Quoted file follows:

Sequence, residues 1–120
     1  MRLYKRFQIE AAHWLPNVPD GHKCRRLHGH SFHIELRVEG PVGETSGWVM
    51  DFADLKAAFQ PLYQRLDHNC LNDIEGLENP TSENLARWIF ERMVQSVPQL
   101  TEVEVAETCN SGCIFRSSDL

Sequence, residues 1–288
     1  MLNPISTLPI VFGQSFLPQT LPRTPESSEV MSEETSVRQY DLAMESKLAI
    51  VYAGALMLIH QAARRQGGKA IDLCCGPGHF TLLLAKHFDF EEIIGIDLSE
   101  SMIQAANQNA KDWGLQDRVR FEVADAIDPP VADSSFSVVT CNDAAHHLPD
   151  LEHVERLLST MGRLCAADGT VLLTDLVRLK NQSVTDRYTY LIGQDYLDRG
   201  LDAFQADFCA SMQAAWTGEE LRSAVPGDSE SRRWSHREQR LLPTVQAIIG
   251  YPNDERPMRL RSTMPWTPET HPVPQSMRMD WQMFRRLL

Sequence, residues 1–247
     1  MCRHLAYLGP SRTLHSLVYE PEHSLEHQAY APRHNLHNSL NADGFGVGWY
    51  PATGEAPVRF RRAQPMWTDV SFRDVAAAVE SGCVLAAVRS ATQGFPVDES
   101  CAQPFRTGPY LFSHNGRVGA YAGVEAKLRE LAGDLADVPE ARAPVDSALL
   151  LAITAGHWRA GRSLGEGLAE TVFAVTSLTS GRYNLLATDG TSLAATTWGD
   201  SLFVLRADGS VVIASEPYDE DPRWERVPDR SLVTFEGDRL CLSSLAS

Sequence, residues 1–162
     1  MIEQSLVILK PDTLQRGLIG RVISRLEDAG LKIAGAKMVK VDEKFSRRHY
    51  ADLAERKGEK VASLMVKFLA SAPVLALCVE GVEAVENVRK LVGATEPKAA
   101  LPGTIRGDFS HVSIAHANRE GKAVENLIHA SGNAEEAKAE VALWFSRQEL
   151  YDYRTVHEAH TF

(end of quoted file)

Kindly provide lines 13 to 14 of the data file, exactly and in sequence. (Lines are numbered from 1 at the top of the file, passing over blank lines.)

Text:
     1  MCRHLAYLGP SRTLHSLVYE PEHSLEHQAY APRHNLHNSL NADGFGVGWY
    51  PATGEAPVRF RRAQPMWTDV SFRDVAAAVE SGCVLAAVRS ATQGFPVDES